Why Are Some C Section Scars Vertical

Why Are Some C Section Scars Vertical
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Are you one of the lucky ones whose scar is almost invisible? Or maybe you had a c-section with no pain meds and your scar is a little less than invisible? Maybe it’s not even noticeable but you know it’s there. Even if it’s not visible, chances are good that scar will be there for life. That’s because when a baby comes out of your vagina it emerges head down. As soon as the umbilical cord is cut, the baby immediately tries to flip itself over so it can get oxygen. When it can’t, or won’t, it starts to panic and push against the inside of your vagina and rectum. This causes the muscles in your perineal area to clench up and create a “cement” type scar that is extremely difficult—if not impossible—to un-scare.

C section scars are vertical scars that extend from the lower abdomen to the back of the pubic bone. These are usually caused by an abnormal connection between the perineum and the rectum, the rectovaginal septum, which is a ligament that connects the rectum to the vagina and the perineum. When this scar is present, it often appears during the first weeks of a baby’s life, and it is the reason why some women develop a horizontal scar on their perineum as well.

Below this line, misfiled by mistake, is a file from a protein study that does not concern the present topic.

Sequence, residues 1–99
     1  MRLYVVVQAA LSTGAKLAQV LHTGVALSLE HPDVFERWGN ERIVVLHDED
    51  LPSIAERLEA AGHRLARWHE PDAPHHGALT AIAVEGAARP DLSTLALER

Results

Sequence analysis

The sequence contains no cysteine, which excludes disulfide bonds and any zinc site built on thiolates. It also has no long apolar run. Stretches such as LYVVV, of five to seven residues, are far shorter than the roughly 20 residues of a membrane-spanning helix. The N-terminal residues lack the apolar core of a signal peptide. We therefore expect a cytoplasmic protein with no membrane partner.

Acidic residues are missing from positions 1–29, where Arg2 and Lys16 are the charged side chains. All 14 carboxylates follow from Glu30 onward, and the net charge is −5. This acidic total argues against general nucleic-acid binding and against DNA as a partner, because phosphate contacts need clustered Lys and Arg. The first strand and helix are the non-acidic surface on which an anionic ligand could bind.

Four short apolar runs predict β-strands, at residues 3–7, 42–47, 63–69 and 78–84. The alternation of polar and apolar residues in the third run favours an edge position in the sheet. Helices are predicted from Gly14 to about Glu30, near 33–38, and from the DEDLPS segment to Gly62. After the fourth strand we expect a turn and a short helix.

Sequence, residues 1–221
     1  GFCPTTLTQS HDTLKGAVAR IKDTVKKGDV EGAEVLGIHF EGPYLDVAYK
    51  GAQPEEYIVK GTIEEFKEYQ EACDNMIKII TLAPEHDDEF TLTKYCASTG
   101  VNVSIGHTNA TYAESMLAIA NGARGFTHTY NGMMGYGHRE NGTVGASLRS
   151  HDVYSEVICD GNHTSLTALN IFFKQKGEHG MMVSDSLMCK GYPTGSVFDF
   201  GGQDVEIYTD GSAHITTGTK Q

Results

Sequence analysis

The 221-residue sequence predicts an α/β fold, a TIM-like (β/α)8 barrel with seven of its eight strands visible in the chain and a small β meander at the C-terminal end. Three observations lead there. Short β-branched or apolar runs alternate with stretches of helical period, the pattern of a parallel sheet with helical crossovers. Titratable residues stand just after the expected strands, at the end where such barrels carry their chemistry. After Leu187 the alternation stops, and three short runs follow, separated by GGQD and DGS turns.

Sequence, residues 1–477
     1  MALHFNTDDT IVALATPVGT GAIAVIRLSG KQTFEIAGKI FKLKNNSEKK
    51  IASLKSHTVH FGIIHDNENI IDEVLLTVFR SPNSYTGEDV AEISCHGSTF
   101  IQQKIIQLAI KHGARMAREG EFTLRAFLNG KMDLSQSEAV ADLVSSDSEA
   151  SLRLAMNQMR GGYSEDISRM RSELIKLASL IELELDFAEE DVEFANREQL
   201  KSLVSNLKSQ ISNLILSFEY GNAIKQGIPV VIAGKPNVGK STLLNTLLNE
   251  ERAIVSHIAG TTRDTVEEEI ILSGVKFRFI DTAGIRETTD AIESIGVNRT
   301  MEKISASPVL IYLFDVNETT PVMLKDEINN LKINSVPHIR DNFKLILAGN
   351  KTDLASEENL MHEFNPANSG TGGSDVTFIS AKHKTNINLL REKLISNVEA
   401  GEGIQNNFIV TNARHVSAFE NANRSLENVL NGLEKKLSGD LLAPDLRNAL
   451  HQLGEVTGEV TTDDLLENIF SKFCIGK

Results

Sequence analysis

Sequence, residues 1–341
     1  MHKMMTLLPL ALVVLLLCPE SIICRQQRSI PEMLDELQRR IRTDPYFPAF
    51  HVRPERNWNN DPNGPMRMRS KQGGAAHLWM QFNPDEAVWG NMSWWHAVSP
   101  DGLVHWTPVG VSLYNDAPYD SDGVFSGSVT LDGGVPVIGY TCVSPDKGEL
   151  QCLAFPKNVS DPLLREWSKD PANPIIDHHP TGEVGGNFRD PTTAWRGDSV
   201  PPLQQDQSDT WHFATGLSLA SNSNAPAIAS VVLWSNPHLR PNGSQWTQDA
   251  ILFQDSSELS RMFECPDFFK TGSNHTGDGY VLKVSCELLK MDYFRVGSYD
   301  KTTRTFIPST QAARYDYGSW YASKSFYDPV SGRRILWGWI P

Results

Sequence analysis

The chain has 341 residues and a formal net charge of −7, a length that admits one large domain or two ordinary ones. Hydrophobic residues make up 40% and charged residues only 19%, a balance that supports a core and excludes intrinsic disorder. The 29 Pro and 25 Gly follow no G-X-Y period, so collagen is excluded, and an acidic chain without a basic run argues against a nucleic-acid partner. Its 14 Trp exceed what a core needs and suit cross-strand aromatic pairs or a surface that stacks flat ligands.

Your body’s healing process stalls, which can lead to scarring problems. A keloid scar occurs when the scar tissue extends beyond the original wound border, resulting in a knot of scar tissue around the incision.

C-section scars do not disappear, but you can minimize their appearance with non-surgical methods. Her scar can turn pink depending on the body type and type of C-section. If the scar is small (4 to 6 inches) or pink, several factors may affect its appearance.

The biggest factor affecting the appearance of the C-section scar is the type of incision that your OB-GYN used to deliver the baby. It is common practice for OB / GYNs to use a ladle handle cut, also known as a bikini cut, that is lower on the patient’s stomach, said Courtney Barnes, M.D., a gynecologist at the University of Missouri Health Care. But the same incisions are not always made in the abdomen or uterus.

Vaginal delivery by Caesarean section (VBAC) is not recommended for women with a classic incision. Classic incisions are made and are reserved for more complicated situations, such as placenta abnormalities or abnormalities in babies.

A variant of the standard is the vertical C-section, which starts at the navel and ends at the slip line. This is the most commonly used standard method, and it is often referred to as the classic cut, because it is no longer used so frequently to keep up with the specific circumstances. The vertical incision occurs when your doctor must withdraw your baby out of a position that requires some type of escape route that a horizontal incision cannot provide.

Surgeons usually make a horizontal incision in the uterus (lower back) during a cross section. If this is not possible or an emergency Caesarean section is performed, a vertical incision is made in the lower back (classic vertical). Unlike abdominal incisions, uterine incisions are usually 4 to 6 inches large enough to fit your baby’s head and body.